Dale Earnhardt Jr. Earnhardt has eight top-10 finishes in 21 starts at Loudon, including five top-fives. "New Hampshire is one of the smaller tracks that we go to, and I like racing on the shorter, flatter tracks," said Earnhardt. "There's multiple grooves you can run there. We had a real good setup there last year, so I'm looking forward to going back."
Matt Kenseth Kenseth was another driver who dropped in the standings, losing two positions, and is 242 out of the lead. Kenseth has never won at Loudon, where he has five top-five and 11 top-10 finishes in 20 starts. He was 22nd last June and 23rd in September, his third and fourth consecutive finishes outside of the top 10. "New Hampshire is a track that has always been a challenge for me and I feel like it hasn't been one of my better tracks on the circuit, but, statistically speaking, we seem to be pretty consistent here," Kenseth said. "We have good finishes at Loudon, but I feel like we haven't really had a chance to chase down a win there. New Hampshire is a track where it's fairly difficult to pass, so you'll see teams use pit stops and pit strategy to advance their way through the field on Sunday. Racing at Loudon is unique, and it's definitely a track that makes us work hard to get a solid finish."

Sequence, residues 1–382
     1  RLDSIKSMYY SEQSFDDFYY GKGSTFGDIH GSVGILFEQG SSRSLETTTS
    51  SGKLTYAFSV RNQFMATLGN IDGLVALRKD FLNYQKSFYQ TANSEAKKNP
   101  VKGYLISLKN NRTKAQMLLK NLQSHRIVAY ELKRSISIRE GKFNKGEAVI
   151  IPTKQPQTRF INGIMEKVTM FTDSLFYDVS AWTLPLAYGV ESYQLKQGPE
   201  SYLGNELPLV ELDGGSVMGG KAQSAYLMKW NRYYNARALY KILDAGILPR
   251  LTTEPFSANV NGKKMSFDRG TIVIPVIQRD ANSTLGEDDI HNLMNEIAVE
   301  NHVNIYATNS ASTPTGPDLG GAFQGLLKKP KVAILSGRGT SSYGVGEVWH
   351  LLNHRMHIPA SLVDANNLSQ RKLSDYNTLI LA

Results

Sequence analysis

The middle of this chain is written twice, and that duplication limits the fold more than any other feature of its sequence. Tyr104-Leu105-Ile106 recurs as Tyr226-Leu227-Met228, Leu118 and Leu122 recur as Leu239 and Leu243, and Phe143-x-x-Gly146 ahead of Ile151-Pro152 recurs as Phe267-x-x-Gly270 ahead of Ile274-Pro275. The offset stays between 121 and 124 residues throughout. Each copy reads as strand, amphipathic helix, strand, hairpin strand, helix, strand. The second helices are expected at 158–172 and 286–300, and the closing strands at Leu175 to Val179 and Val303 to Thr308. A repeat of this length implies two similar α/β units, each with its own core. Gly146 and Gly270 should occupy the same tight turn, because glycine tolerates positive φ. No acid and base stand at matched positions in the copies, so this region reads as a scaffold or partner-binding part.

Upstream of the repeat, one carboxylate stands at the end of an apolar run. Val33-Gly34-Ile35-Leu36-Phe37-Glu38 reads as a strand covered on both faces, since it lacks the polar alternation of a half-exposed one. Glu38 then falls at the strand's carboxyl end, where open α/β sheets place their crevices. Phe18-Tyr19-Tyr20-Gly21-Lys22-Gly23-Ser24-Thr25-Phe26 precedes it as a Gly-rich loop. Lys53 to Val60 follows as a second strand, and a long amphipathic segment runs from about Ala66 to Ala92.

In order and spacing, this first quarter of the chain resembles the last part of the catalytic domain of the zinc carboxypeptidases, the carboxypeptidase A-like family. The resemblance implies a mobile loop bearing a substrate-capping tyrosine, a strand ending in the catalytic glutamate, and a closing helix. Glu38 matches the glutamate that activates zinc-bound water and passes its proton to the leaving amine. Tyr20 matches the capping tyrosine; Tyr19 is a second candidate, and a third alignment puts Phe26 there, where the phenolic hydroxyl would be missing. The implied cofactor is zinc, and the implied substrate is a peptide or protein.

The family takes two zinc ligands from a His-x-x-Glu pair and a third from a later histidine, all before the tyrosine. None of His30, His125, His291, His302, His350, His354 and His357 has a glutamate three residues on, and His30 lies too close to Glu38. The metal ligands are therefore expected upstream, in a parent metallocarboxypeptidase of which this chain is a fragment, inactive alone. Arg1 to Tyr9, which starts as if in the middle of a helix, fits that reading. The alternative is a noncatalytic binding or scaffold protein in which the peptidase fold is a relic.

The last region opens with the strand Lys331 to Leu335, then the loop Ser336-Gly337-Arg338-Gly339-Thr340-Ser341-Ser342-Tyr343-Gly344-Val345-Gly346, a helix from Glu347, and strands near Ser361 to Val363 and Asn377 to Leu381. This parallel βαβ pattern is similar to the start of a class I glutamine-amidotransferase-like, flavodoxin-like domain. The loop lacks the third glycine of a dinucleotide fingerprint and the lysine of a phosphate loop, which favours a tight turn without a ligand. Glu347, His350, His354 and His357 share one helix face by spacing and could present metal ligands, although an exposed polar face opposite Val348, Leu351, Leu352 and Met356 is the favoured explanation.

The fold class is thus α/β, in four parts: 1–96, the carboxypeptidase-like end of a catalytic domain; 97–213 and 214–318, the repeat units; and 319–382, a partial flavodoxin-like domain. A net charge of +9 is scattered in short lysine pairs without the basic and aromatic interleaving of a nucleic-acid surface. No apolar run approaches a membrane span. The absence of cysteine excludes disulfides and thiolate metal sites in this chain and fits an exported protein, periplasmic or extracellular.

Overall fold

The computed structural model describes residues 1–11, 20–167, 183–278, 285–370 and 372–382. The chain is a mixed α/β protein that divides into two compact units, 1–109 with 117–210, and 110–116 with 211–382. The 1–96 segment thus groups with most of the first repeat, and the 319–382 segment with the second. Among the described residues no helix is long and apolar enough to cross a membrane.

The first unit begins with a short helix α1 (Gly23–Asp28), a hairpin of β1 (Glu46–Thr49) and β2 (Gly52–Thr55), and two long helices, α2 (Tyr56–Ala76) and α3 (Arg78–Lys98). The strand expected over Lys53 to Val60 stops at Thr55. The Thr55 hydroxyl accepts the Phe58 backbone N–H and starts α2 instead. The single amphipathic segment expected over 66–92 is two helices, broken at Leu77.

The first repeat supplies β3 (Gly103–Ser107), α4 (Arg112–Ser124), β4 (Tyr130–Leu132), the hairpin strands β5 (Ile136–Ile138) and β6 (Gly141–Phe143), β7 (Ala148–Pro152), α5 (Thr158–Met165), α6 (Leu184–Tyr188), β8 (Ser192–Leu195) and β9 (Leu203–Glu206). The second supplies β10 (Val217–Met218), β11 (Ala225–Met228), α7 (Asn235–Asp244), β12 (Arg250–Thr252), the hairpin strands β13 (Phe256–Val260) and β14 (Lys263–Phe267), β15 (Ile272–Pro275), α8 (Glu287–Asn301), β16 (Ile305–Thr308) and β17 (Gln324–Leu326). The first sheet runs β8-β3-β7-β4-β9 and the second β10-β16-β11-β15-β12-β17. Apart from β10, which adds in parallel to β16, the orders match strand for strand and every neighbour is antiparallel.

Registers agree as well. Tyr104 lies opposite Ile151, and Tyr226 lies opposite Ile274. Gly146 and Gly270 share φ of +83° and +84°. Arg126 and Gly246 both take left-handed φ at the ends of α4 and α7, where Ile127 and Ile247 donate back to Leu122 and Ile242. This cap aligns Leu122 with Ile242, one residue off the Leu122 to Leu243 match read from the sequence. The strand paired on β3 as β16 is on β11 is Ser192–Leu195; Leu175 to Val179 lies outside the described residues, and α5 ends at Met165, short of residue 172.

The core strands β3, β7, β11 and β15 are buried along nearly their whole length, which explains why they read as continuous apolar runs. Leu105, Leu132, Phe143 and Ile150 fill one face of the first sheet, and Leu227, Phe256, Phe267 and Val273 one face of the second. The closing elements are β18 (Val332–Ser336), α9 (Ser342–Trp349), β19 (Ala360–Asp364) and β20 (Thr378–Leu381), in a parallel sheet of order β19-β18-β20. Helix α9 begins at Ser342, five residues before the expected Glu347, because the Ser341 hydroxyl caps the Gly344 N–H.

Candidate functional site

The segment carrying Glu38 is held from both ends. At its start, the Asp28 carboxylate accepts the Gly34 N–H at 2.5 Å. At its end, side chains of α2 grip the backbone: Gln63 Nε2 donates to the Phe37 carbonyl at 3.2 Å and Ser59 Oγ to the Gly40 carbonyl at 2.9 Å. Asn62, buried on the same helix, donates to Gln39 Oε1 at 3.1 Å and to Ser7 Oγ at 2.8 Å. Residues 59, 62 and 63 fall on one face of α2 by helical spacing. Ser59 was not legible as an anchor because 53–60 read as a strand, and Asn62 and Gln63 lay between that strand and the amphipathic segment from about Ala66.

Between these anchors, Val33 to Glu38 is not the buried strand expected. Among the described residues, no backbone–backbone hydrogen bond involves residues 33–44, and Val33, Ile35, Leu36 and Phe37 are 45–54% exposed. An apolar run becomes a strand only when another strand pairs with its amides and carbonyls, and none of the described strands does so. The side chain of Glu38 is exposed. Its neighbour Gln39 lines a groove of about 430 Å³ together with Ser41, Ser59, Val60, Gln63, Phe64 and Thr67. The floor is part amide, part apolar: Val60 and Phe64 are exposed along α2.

Greg Biffle Biffle has one win (September 2008), four top-five finishes and six top-10s in 15 New Hampshire starts. He was 18th last June and ninth in September -- the latter is one of his two top-10 finishes in his last three New Hampshire starts. "I'm pretty excited about the testing we've been doing lately, and I really think we're headed in the right direction," Biffle said. "I had a good run going at New Hampshire last spring and got into the wall while I was racing with Kurt Busch. We finished ninth there in the fall, and I think a top-10 finish this weekend is a reasonable goal. I think we are aiming to finish in the top five, though, if what we've learned at the recent tests works out for us."